Stoke City: Stato Sam gets bemoans poor defending as his protege bags winner
HIS expression was as gloomy as a Ryder Cup sky, so no-one expected to feel too uplifted after Sam Allardyce had squelched into the press conference and wrung out his eyebrows, writes Michael Baggaley.
He tried a steady drip of statistics – this was Stoke's first league clean sheet and Rovers' first blank in front of goal – but had not cheered himself up by the time he suggested Chris Samba was half-soaked for letting Jon Walters through to score City's 48th-minute winner.
So far, so miserable. And yet suddenly the sun came out as Big Sam was asked about Walters, a player he had signed at Bolton nine years ago.
This was only a happy reunion for Walters, but Allardyce was gracious in his assessment of a player who moved on to Hull, Wrexham and Chester before leaving Ipswich for Stoke in a £3.25m deal in August.
Allardyce said: "He has done exceptionally well. It has taken dedication and hard work and maximising his abilities to finally find himself back at the top level of football where he wanted to be as a youngster.
"Full marks to him because it has been a long journey for him. He moved on to the lower divisions and today you don't often see a young man go down the leagues and get back to the very top level.
"I'm gutted he scored today, but it is great to see someone with a desire and dedication to learn their trade and work their way back."
Allardyce the manager learned his craft in the lower divisions, as did Tony Pulis, so both would have appreciated that City's victory was thanks in no small part to players who served an apprenticeship in League Two.
Walters will not get the crowd on its feet as often as Ricardo Fuller can, but his value to the team was obvious in the first half when he chased El-Hadji Diouf all the way to the Stoke corner flag to win possession back for his side.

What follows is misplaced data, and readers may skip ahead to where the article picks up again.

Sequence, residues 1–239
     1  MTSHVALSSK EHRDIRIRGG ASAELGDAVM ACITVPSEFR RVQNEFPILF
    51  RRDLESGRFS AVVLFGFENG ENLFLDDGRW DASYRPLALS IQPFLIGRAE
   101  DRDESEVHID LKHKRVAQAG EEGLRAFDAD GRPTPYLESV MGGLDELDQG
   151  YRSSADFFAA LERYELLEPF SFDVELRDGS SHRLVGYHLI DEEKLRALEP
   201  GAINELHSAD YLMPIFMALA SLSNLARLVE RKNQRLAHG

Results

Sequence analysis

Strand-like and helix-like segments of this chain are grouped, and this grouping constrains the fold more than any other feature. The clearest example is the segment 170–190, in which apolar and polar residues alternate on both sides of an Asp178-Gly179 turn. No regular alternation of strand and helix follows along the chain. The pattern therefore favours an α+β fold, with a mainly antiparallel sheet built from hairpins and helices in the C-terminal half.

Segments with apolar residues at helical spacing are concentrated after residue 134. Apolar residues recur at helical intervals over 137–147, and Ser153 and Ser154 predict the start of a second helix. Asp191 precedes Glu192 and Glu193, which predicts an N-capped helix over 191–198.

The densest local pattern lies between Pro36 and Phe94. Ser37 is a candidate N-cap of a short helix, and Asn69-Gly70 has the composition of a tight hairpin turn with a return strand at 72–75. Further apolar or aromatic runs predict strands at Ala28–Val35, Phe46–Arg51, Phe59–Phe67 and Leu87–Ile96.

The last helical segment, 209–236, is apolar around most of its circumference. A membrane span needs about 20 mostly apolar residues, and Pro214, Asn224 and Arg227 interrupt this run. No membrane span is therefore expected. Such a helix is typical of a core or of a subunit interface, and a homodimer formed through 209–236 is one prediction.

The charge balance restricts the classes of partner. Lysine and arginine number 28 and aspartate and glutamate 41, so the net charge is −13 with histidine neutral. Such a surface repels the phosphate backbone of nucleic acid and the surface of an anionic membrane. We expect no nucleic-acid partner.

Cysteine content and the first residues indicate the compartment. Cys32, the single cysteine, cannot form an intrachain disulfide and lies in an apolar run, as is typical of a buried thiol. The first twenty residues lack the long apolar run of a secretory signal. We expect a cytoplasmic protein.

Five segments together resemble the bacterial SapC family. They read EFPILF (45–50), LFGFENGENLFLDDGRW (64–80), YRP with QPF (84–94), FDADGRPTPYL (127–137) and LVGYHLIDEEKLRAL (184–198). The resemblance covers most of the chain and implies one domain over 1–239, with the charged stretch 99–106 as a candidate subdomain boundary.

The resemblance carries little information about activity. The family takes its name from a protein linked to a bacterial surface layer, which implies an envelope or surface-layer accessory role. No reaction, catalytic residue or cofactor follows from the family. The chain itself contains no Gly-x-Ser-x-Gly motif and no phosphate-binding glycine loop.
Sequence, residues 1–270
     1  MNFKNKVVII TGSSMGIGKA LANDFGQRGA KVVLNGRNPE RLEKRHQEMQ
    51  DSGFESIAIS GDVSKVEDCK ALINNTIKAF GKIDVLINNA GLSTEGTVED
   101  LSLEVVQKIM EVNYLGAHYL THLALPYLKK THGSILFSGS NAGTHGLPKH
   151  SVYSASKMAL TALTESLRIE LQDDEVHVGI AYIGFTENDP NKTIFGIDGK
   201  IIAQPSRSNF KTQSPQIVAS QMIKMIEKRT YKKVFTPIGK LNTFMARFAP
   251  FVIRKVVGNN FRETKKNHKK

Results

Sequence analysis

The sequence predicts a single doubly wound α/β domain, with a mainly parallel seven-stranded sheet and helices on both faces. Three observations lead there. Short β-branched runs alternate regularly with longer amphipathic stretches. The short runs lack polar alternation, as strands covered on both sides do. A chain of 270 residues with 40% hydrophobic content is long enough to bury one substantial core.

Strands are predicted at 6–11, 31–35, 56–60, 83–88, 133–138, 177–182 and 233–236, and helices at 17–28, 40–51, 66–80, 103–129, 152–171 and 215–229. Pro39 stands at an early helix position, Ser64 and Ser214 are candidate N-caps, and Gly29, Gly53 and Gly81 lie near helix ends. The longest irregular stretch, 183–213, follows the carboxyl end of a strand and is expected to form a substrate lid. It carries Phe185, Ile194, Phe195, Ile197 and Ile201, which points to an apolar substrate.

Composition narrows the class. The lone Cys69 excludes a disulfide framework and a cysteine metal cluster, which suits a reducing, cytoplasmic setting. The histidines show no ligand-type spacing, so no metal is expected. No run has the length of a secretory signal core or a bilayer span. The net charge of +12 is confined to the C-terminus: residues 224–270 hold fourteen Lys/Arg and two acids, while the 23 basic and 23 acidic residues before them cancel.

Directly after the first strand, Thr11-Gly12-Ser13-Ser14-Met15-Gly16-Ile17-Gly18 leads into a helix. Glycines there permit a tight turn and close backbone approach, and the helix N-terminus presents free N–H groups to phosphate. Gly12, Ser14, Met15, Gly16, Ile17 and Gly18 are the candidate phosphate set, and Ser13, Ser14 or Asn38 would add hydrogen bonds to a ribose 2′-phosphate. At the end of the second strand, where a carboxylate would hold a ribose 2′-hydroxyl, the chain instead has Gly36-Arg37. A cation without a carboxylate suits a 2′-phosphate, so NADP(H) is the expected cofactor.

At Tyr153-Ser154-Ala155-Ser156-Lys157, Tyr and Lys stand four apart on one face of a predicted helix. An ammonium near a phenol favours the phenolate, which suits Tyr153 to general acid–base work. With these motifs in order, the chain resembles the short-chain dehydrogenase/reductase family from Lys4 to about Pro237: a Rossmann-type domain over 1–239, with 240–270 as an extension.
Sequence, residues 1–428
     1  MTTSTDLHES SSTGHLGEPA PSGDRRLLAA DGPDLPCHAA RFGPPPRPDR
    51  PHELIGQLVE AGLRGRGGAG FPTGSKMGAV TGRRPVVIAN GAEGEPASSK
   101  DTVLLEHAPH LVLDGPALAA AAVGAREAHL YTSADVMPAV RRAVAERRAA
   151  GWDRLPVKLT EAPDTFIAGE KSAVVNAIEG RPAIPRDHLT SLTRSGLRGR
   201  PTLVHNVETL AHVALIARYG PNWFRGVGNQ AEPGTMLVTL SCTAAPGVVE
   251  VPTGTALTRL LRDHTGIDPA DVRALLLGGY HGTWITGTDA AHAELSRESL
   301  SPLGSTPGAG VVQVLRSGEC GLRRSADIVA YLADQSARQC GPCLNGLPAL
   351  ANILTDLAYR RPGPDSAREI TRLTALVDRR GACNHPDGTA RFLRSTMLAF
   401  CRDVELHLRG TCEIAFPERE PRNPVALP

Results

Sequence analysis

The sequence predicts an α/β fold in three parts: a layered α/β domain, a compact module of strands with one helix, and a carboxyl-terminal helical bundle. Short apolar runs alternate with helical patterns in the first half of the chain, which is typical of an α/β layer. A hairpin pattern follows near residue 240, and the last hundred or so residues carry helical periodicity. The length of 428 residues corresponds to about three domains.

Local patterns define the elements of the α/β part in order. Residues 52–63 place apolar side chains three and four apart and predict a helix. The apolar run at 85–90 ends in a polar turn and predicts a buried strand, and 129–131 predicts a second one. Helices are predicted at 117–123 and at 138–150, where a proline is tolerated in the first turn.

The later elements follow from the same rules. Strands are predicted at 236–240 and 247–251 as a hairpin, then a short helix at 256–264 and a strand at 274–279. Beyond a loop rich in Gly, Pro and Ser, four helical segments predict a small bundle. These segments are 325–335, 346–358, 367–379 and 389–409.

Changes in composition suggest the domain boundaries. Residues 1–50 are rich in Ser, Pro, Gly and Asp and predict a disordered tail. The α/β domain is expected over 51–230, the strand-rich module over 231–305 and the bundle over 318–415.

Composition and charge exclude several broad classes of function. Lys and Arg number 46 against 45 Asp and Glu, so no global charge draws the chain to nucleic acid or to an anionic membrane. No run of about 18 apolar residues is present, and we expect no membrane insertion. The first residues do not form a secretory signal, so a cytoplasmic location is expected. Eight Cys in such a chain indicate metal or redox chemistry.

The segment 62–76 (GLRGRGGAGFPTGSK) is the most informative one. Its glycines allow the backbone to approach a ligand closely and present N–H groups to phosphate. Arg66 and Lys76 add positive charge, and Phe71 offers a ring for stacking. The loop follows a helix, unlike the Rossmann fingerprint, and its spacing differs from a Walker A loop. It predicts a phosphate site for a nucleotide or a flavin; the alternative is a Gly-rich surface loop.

That said, Walters is probably fed up with the faint praise of being labelled a "hard-working" striker, so he will have taken huge satisfaction from his clinical finish after he was released by Matthew Etherington on 48 minutes.
The performance would have been good enough to win Walters man of the match on another day, but the sponsors were right to give that award to the superb Dean Whitehead.
The former Oxford United midfielder ran the show, winning challenges and getting the ball out to Matthew Etherington and Jermaine Pennant to hurt Rovers from the wings.
When Stoke had to defend, there was no-one more accomplished than left-back Danny Collins, formerly of Chester City and Vauxhall Motors.
For large parts of last season, it seemed as though Collins had been signed to share scapegoat duties with Mama Sidibe, but he cannot fail to win over critics in the stands with his current performances.
With Etherington in form on the left wing, City had too much for a Rovers team which looked sunk from the moment they fell behind as they struggled to combat a confident team and buoyant crowd.
For proof that the crowd directly affects the game, look no further than Diouf's 54th-minute substitution.
Allardyce said he had not taken the forward off because he was playing badly, but because he feared he was heading for a sending off following his 46th-minute booking for shoving Pennant.
Diouf looked Rovers' most dangerous forward, but had been getting wound up by the crowd, a fact obvious when he responded to the jeers of his substitution by waving ironically at the Boothen End and pointing to his name on his shirt.
The Rovers fans were also in decent voice, at least before the goal, having marked the kick off by chanting "One John Taylor" in memory of the Blackburn supporter who died at this fixture last season after suffering head injuries in the concourse.
There were only 1,200 travelling supporters in the 25,515 attendance, so it was no surprise that this was City's third lowest Premier League crowd, beating only the two previous visits of Fulham.
But the home fans could not have any complaints as Stoke tore into Rovers to dominate a game that was expertly handled by World Cup final referee Howard Webb.
City did not need the luxury of calling on their substitutes to change the game, but with Ricardo Fuller, Eidur Gudjohnsen and Tuncay they had plenty of possibilities.
Praise is also due to Jermaine Pennant who had not done Stoke's hard but fair reputation much good on his debut against Aston Villa when he dived to win the free-kick that led to City's winner.
Maybe he's been re-educated by Pulis since then because, having been taken out by Gael Givet, Pennant got up and limped away up the line rather than stay down until the defender got booked.
Some would call that a lower division mentality. This game was all the better for it.